PROVIDENCE, R.I. – Rhode Island student athletes are hitting the playing field this season with a new set of rules on what happens when they get a concussion. A new state law requires players to leave the playing field after they're hit in the head.
It also will help Rhode Island become the first state in the nation with detailed statewide data on the impact of brain injuries.
It's a Friday night at Cranston stadium and Cranston West's football team is up against Barrington. The game's not going well. Cranston West fumbles a snap when it's close to the end zone, and Barrington takes advantage of the mistake to score its second touchdown.
At some point during the action, Cody Nadaeu gets hit.
Nadaeu sits on the sidelines squirting water into his mouth. He stares blankly as his parents stand behind him, gathering his things to go to Hasbro children's hospital. Michael Hayden, the team doctor, says he didn't see the play, but it's pretty obvious what happened to Nadeau.
"When he came over to the sidelines he just said he didn't know what was going on," Hayden says. "He didn't know the score, and I asked him a few other questions and he just wasn't oriented to where he was. And that's the hallmark of a concussion."
It's the varsity team's first concussion of the season, and their first real test of the Rhode Island's new concussion law. Mike Traficante, the athletic director for the Cranston public school system, says, "We'll see how the process works in a hurry now."
He says after Cody Nadaeu goes to the hospital, he'll have to ease back into football.
"He'll have to go one week where he's asymptomatic," Traficante says. "Then after one week, when he's asymptomatic of the concussion symptoms, the second week he can start to light exercise. The third week, more strenuous exercise and we'll go from there."
This gradual return to the game is part of a new state law that requires a doctor's permission before athletes can go back to the field. It's all a part of an effort to prevent the more severe consequences that can occur when players get a second or a third concussion before they've healed from the first. Even a mild second impact can cause brain swelling and in rare cases, death.
And that's what motivated Dr. Elizabeth Jacobs to lobby lawmakers to pass the bill. As an emergency room doctor at Hasbro Children's Hospital, she's seen firsthand a direct correlation between sports seasons and concussion seasons.
"We always know the day that football season starts because the kids begin rolling the door with their football helmets on," Jacobs says. "We also know the day that ice hockey season starts because of the same scenario, jut with an ice hockey helmet on instead of a football helmet on."
Jacobs says identifying students with brain injuries is one thing. Helping them heal is another.
"We do a great job in the emergency department for screening for head injuries like bleeds and skull fractures," she says. "Nobody really knows what to do with the kids after they get a normal cat scan."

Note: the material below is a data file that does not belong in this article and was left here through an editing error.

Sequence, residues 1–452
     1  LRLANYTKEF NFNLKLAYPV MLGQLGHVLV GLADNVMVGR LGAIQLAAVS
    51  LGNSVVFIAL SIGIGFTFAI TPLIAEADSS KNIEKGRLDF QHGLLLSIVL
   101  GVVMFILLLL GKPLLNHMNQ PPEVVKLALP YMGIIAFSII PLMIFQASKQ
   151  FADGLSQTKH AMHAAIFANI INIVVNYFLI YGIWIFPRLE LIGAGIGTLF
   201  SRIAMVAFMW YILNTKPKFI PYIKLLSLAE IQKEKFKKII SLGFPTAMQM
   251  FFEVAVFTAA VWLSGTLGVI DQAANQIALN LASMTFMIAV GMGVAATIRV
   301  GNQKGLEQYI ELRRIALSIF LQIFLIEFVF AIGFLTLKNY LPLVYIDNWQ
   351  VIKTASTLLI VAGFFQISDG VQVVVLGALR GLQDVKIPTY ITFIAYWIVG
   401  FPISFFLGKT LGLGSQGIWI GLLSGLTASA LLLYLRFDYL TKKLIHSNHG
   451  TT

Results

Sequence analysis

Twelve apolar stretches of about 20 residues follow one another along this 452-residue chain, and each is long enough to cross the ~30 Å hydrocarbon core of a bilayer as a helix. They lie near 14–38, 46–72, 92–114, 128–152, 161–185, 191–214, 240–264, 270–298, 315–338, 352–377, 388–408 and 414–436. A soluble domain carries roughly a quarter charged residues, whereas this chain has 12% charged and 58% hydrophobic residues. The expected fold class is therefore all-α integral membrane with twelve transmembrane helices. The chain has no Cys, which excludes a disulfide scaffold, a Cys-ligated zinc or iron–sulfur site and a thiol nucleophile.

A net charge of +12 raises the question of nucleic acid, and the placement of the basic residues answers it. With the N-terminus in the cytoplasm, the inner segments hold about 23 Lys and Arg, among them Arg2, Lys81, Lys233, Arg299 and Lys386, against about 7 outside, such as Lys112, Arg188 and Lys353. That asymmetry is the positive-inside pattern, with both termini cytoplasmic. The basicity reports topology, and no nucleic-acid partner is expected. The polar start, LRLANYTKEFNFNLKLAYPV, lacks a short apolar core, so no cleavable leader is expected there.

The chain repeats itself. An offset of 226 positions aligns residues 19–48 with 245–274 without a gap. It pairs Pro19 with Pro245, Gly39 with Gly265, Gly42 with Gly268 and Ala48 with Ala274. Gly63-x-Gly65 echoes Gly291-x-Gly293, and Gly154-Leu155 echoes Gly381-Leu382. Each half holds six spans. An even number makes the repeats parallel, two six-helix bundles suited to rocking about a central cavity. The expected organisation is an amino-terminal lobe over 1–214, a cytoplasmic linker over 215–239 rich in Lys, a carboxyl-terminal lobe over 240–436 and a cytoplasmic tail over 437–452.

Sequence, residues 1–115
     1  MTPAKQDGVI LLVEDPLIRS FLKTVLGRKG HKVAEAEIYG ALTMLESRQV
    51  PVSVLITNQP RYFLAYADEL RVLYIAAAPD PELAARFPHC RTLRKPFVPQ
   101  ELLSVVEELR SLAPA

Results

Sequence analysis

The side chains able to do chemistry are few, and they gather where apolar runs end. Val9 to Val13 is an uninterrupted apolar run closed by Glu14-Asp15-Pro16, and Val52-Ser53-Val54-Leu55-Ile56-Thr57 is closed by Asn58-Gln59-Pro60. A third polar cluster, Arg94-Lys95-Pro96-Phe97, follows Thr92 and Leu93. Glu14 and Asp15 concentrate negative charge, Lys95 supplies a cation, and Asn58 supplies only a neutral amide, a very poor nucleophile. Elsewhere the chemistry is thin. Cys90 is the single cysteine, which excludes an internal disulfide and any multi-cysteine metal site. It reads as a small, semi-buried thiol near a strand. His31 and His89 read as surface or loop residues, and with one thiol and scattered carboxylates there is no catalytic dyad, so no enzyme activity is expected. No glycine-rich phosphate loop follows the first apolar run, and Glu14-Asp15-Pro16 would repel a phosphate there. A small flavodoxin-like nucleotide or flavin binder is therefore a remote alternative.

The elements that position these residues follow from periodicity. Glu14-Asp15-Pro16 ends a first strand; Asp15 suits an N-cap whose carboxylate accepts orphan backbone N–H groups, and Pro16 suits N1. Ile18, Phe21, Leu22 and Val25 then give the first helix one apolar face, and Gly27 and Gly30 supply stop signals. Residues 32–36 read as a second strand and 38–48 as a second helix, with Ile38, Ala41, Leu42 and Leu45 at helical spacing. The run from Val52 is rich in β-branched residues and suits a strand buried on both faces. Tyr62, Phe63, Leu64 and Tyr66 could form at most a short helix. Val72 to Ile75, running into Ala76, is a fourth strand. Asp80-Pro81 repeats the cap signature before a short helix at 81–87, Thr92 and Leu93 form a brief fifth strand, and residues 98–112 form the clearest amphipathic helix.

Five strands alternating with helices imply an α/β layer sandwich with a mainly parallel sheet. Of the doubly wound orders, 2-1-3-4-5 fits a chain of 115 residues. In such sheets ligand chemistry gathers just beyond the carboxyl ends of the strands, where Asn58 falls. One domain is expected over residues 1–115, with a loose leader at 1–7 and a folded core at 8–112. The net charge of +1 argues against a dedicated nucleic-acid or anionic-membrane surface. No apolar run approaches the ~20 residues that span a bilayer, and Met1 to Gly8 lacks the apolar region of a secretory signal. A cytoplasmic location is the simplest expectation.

That's why this year students can go to specialized concussion follow up clinics at six different locations in the state. There, doctors can monitor students' progress as well as collect useful data about head injuries in Rhode Island using a simple computer test.
Elizabeth Connolan with the brain injury association of Rhode Island has traveled all over the state administering what's called the IMPACT test. It's a pretty basic computer program- words and images flash across the screen to test student's memory and reaction time.
The tests are supposed to be difficult, but students don't have to worry about failing. The initial score just provides a good measure of how the brain usually functions. When students get a concussion, they take the test again.
Nick James is a left guard on Cranston West's freshman team. Football players, like James, are taking the test first because they're at the highest risk for concussions. The goal is to eventually offer the test to every student athlete in the state. When an athlete's score matches his pre-concussion performance, he can start playing again.
James says the test was confusing, so that means it's probably a good way to measure the effects of a concussion. But not everyone is on board with the IMPACT test.
James's coach Steve Stoehr needed some convincing it was worth his time.
"Well, I have a hundred kids on my team," Stoehr says. "To get a hundred kids in a library on 20 computers? That's a lot of practice time gone."
Rhode Island's concussion law doesn't require the IMPACT test, it just recommends it, so testing is up to each individual school. So far, 27 schools have been tested and 19 have not. Stoehr says he takes concussions seriously, and always keeps his athletes off the field after they've been hit in the head, but the impact tests and the new law sometimes feel like overkill.
Elizabeth Conollan with the Brain Injury Association of Rhode Island says she thinks once students and coaches see the impact test at work they'll understand why it's useful.
"Because there definitely are children who were sent back to play too soon, who either parents didn't know or coaches didn't know or teachers didn't know that they didn't need more rest," Conollan says. "So, kids were playing with concussions. So that's why you need the law."
In general, it's difficult to quantify the severity of a concussion, but the test scores offer a clear comparison of a student's brain before and after.
Researchers including Dr. Elizabeth Jacobs from Hasbro Children's Hospital say the results are a useful tool for learning more about the causes and treatment of concussions.
As for Cody Nadaeu, the football player who got hit in the head, he visited Dr. Jacobs in her office for a post impact test. She says he's healing well and will probably be ready to play by next week.